By Mallory Thorpe
It’s very easy to think that something as large and catastrophic as a pandemic won’t happen to you until it does. Before 2020, the UK had not faced a pandemic as deadly as COVID-19 since the Spanish flu in 1918, and I’m sure if you asked anyone at the beginning of 2020 what would end up happening in the following months, they probably would not have believed you. It is worth noting, however, that the disbelief that a deadly and very contagious virus would spread throughout the UK and lead to over 220,000 deaths in this country alone, comes from a very privileged place. Although the UK had not faced a deadly and highly contagious disease in a number of years, this was not the experience for many other countries around the world, such as the measles outbreak in the Democratic Republic of the Congo in 2019 or the Ebola epidemic in West Africa from 2014-16, among others.
The COVID-19 pandemic was more than just a health crisis and has exacerbated almost all existing inequalities. Globally there are now an additional 75 million people living in extreme poverty, a widened attainment gap between poor and richer pupils and overstretched and suffering health systems around the world, to name just a few devastating impacts of the pandemic.
Despite this, a general feeling that it’s time to move on seems to have descended over both the general public and politicians. Of course, the desire to ‘move on’ for individuals that suffered severe hardships during the pandemic and lock-down periods is understandable, but politicians and the Government should not be tempted to move on without learning from the successes and failures of the UK’s response to the pandemic both domestically and globally.
Learning from its reaction to the COVID-19 pandemic should not be merely an exercise in self-reflection, but should be treated as an urgent task to inform how the UK Government responds to a future pandemic threat to prevent the huge loss of life that we saw during the COVID-19 pandemic. The UK Covid-19 Inquiry has begun the process of holding the Government to account – and the subsequent recommendations when they are published must be embraced – but it is vital the way we talk about pandemic preparedness moves beyond discussing an abstract threat to treating it as an ongoing priority.
An under-reported fact is that the next pandemic might not be as far away as we think. In 2021, the chances of a similar outbreak to COVID-19 was put between 47% and 57% within the next 25 years. This alarming statistic is largely due to increasing population density and mobility, as well as environmental degradation as a result of human activity. The high chance that we could be facing another pandemic within the next three decades is a very scary possibility. However, by preparing now, the UK Government can work with international partners to ensure that the right systems are put in place to effectively monitor, detect and treat emerging infectious diseases before they become a pandemic threat.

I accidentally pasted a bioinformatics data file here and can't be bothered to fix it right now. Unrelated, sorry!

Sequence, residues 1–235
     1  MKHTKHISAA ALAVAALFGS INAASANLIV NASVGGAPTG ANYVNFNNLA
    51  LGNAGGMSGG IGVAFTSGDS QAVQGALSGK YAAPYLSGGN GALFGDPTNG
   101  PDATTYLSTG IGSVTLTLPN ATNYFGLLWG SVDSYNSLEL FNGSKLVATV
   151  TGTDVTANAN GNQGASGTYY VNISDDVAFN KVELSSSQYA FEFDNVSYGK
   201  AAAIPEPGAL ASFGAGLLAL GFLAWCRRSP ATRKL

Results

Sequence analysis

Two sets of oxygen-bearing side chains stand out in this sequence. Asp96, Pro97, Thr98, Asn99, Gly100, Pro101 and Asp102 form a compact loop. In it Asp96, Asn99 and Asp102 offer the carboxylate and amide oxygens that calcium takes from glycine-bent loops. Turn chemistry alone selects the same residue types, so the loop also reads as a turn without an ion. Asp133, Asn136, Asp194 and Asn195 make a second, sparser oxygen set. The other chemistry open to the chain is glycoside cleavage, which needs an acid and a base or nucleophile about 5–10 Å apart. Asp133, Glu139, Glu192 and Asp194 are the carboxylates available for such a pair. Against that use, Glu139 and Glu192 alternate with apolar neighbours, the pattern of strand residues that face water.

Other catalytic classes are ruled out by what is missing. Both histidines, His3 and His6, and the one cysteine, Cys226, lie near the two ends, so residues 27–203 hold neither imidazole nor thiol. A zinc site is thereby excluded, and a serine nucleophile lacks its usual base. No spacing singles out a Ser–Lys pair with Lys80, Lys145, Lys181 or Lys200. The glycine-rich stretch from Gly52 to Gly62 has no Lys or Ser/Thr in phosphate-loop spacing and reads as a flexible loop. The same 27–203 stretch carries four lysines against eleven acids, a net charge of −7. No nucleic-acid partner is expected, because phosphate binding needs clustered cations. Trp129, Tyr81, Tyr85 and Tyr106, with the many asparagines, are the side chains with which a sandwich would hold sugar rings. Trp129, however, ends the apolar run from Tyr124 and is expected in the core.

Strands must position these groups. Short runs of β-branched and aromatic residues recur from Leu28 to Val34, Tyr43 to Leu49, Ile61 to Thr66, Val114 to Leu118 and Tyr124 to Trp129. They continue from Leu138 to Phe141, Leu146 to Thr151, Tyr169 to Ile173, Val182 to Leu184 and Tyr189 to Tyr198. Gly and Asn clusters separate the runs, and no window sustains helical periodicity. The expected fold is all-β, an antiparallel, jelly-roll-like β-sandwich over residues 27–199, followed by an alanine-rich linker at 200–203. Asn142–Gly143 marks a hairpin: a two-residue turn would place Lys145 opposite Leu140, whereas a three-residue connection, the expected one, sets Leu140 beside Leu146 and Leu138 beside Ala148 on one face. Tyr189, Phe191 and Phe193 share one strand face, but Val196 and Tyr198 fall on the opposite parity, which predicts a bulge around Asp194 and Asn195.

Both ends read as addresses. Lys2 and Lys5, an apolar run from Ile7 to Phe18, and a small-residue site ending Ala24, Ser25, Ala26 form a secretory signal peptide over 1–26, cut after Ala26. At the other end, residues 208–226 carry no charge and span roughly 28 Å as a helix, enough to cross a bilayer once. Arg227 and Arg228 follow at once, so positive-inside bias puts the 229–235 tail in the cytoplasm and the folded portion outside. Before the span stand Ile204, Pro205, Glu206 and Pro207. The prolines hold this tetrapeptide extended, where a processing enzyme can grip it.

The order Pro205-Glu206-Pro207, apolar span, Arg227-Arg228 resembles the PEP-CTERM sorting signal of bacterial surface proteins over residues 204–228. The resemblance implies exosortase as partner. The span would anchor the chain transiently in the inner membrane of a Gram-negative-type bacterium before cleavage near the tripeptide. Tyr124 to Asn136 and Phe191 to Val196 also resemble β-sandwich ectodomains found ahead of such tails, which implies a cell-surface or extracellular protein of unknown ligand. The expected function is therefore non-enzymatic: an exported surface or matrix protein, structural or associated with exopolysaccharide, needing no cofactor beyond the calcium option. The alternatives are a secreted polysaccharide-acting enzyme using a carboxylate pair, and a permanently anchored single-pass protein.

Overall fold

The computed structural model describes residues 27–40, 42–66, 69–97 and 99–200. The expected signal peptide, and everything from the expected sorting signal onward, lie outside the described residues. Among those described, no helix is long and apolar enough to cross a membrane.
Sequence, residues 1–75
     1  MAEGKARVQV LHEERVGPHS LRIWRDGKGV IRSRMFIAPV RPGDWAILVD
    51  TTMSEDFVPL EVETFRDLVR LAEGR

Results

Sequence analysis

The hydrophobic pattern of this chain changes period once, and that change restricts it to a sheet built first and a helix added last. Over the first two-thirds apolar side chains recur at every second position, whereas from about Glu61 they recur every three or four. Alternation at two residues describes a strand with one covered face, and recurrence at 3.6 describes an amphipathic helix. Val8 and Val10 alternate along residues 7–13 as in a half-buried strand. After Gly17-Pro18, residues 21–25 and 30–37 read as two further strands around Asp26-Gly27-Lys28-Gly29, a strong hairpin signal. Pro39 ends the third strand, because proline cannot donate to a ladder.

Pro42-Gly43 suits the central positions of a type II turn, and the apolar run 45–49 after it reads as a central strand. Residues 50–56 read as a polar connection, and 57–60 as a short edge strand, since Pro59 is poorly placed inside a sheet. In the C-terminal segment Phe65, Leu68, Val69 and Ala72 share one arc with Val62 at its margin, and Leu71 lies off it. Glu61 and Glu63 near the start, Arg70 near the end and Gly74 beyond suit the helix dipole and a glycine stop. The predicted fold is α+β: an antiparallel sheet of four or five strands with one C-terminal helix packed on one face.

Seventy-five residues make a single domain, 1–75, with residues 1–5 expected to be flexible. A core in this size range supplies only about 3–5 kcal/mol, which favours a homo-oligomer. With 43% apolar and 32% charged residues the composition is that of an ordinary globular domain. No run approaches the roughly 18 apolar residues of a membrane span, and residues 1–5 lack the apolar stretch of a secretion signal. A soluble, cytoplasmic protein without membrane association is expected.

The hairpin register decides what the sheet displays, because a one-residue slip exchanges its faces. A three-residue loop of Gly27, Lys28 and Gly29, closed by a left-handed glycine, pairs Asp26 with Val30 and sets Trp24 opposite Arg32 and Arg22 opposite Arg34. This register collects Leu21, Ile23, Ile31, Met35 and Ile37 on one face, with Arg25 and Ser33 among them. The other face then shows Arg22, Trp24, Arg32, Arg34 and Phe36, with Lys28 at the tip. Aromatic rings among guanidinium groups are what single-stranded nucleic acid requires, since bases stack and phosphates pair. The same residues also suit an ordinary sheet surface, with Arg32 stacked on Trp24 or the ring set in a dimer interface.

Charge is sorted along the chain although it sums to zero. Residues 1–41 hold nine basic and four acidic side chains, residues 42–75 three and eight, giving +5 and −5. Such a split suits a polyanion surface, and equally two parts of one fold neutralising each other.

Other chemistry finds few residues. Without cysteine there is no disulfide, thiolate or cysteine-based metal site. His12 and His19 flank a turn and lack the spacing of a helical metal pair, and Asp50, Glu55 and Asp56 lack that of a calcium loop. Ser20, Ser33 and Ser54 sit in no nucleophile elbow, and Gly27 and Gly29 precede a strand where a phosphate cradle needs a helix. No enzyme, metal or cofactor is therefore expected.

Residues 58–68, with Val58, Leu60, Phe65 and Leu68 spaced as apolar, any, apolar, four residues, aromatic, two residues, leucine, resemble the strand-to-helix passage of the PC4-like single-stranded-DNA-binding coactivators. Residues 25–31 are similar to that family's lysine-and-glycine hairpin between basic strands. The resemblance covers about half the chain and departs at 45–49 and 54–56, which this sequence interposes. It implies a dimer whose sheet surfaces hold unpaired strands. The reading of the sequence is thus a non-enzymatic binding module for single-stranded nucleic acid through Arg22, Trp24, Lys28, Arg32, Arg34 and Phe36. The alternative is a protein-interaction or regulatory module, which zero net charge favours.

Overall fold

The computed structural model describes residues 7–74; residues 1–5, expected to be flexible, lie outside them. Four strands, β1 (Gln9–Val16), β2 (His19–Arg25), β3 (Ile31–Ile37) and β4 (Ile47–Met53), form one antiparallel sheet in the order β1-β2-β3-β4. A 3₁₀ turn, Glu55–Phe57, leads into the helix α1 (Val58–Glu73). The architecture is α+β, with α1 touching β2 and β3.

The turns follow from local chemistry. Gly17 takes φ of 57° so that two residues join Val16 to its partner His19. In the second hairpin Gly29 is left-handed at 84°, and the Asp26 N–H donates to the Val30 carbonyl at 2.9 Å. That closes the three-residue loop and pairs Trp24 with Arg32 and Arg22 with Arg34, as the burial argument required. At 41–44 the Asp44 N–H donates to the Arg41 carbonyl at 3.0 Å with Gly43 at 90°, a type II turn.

‘Pandemic preparedness’ is less a single measure or policy, and more developing and strengthening an infrastructure that works at a global scale to control deadly diseases from becoming a pandemic threat. This includes disease surveillance, strong healthcare systems in each country with skilled and paid personnel, as well as adequate facilities and equipment, data and transparent communication systems between governments, global supply chains that protect everyone, and investment in vaccine research and development.
However, such measures remain grossly underfunded, and suffer from what is referred to as a ‘panic and neglect’ cycle; governments throwing money and resources at the problem when a serious outbreak occurs, and then neglecting to fund preparedness when the immediate crisis has passed. Without sustained financing, the world remains ill-equipped to prevent or respond to the next pandemic, and we lose the head-start that could be achieved.
In order to ensure sustained financing for pandemic preparedness, we should not view pandemic preparedness as an expensive insurance policy for an abstract and uncertain threat, but instead see it as something that can and does provide significant benefits to the UK. For example, investing in vaccine research and development by working with and bolstering scientific and research institutions not only ensures that we are better prepared for the next pandemic, but improves the scientific expertise in this country. This could lead to future breakthroughs, such as the development of mRNA technology, which occurred when scientists were developing the COVID-19 vaccine, and is now beginning to be trialled for cancer treatment in the UK.
With many competing priorities in the Government’s in-tray, it is vital that we, as campaigners and advocates, present the right message on pandemic preparedness by highlighting the UK’s interest in preparing now, not just to prevent the costly and deadly effects of a future pandemic, but also to deliver key Government priorities such as becoming a science and technology superpower.
With the devastating impact of COVID-19 in recent memory and clear lessons to be learned, we must convince the UK Government and parliamentarians that the time for investing in pandemic preparedness is now.